Stress echocardiography has been advocated for the detection of abnormal myocardial function and unmasking diminished myocardial reserve in pediatric patients. The aim of this study was to create a simplified index of myocardial reserve, derived from the myocardial inotropic response to peak semisupine exercise in healthy children, and illustrate its applicability in a sample of pediatric oncology patients.Methods:
In this prospective analysis, children (7–18 years of age) with normal cardiac structure and function performed semisupine stress echocardiography to volitional fatigue. The quotient of wall stress at peak systole and heart rate–corrected velocity of circumferential fiber shortening were calculated at baseline and at peak exercise, the difference of which was termed the index of myocardial reserve (IMR). The IMR was also calculated in a retrospective sample of pediatric oncology patients with normal resting left ventricular function who had received anthracycline treatment and had performed the same exercise protocol to illustrate utility.Results:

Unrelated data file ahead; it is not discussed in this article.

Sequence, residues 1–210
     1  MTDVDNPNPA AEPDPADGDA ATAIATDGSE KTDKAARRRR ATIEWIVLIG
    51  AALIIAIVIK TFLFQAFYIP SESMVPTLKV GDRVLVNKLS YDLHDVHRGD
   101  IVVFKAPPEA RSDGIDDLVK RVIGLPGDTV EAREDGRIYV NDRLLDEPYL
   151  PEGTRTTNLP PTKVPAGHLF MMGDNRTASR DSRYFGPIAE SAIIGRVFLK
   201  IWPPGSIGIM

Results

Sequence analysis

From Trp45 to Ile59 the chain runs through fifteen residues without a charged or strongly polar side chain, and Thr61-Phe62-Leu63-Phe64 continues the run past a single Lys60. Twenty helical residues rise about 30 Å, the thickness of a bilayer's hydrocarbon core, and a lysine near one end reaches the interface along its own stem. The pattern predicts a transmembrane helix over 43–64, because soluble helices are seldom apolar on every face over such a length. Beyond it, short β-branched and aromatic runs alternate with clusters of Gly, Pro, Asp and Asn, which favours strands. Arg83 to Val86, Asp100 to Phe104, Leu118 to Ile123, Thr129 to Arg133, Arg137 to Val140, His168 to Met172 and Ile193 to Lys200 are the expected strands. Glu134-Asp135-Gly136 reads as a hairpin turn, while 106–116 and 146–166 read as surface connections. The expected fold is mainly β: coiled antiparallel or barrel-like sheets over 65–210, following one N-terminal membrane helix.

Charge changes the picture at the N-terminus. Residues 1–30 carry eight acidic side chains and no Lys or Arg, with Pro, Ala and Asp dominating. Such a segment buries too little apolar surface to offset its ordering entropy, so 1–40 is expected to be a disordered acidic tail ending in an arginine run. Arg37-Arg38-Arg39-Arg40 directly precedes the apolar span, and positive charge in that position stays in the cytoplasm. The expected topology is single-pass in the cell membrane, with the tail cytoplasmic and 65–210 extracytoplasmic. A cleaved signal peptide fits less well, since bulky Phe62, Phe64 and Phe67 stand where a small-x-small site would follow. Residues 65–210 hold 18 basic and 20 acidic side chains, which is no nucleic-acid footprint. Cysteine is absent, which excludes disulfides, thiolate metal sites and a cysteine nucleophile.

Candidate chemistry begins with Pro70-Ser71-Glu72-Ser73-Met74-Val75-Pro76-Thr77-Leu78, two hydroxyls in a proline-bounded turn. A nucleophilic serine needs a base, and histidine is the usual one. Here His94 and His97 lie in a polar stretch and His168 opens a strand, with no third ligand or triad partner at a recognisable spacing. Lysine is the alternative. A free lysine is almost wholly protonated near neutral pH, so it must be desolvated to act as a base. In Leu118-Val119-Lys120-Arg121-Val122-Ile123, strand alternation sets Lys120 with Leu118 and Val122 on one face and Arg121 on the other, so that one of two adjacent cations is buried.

Fifty healthy subjects (mean age, 13.2 ± 2.6 years) and 33 oncology patients (mean age, 12.7 ± 4.0 years) were assessed. In the healthy children at peak exercise, heart rate–corrected velocity of circumferential fiber shortening significantly increased (from 1.17 ± 0.17 to 1.58 ± 0.24 circ · sec−1, P < .001), while the quotient of wall stress at peak systole significantly decreased (from 75.3 ± 17.1 to 55.3 ± 13.8 g · cm−2, P < .001), shifting the plot of the relationship between the two parameters upward and to the left. The mean IMR was −30.8 ± 17.8, and the normal distribution ranged from −4.7 (fifth percentile) to −67.3 (95th percentile). The IMR was abnormal in 10 oncology patients who were treated with anthracyclines.Conclusions:
The authors have developed a novel IMR. Relative to the normal distribution of this IMR in healthy subjects, it is possible to identify patients with abnormal myocardial reserve. Thus, this study demonstrates the application of the IMR to aid in clinical decision making in individual patients.